Posted November 8, 2012 6:43 pm by with 0 comments

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Skype is a great tool for anyone who runs a virtual business. It’s one of the best ways to hold conference calls for free, run training sessions (you can show your desktop to the other person on the line) and it beats repeated back and forth emails when you need to hash out a project.

Given that, it’s not surprising the Skype wants to beef up their business presence but I’m not sure what to make of this new feature.

They call it Skype in the Workspace (SITW). Get it? WorkSPACE instead of WorkPLACE because it’s about working in cyberspace. . .

The site is a combination of LinkedIn and Craigslist. Anyone who signs up (it’s free) can “Create an Opportunity” to share with others. In non-Skype speak, it means you can advertise your services but the twist is that each offer comes with a 15 minute consultation.

That’s what it looks like to me, but honestly, the site is kind of light on instructions. Here’s how Skype explains it:

SITW will provide a central hub for entrepreneurs, startups and small businesses to connect with experts, coaches and consultants who can help them develop their businesses. Users join the community using their existing Skype accounts, then through a series of promotional tools can create public “offers” or “opportunities” inviting community members to live sessions on Skype to demonstrate services or products to a wider audience. Users can also book appointments with potential customers or suppliers and keep track of them with a meeting notification service. When an opportunity is over, users can instantly give testimonials on the product or service offered.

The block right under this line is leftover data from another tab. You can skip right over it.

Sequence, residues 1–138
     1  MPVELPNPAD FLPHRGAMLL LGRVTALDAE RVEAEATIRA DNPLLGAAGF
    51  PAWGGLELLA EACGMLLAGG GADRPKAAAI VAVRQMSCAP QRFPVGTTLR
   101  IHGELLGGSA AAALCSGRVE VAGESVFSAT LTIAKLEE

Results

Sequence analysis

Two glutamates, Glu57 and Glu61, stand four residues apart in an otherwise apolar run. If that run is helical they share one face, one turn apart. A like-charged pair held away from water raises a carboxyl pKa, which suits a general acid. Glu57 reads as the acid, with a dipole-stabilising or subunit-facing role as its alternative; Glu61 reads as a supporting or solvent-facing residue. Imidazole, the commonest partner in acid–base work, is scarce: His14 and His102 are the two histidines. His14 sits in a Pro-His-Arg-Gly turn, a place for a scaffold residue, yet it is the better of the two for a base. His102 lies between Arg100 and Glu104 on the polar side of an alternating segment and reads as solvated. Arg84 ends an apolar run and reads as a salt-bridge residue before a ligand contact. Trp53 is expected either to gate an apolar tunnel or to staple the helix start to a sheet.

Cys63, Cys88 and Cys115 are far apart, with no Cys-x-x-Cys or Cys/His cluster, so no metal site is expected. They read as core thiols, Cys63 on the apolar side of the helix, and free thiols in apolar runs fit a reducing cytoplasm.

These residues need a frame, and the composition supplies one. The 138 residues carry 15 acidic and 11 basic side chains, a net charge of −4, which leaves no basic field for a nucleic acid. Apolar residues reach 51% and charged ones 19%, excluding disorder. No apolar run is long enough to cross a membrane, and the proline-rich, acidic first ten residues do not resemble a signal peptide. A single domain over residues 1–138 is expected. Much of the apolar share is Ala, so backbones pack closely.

When you click through, you get a page with more detail, some more detailed than others. From there you can favorite the person for later or click Connect. Connect then leads you to a screen where you fill out a Connection Request which Skype forwards to the offer-ee. Then, presumably, they schedule a time to talk with me over Skype.

While I like the concept, the mechanics are clunky. The blocks, which just flow down the screen like a Tumblr page, are nothing more than classified ads and some people barely put any effort into the pitch.

Some of the “opportunities” are grouped into like categories thusly:

There is a search engine but it only works on the most basic level.

What really bothers me is the phraseology. To me, “Create an Opportunity” implies a job opening or worker needed. I need to hire a web designer so I create an opportunity. But on Workspace it means the opposite. Then there’s the clunky standard phrasing at the top of each block “So and So wants to meet about.” It cries out for punctuation, or at the very least, a single concept after.

“George wants to meet about Do you need help getting more followers on Facebook? I’ll show you how” doesn’t make sense.

More than anything, what’s the likelihood that anyone will use this tool to locate a freelancer, consultant or agency?

Skype, you’re on the right track but right now I’m more bewildered than impressed.

What do you think of Skype in the Workspace?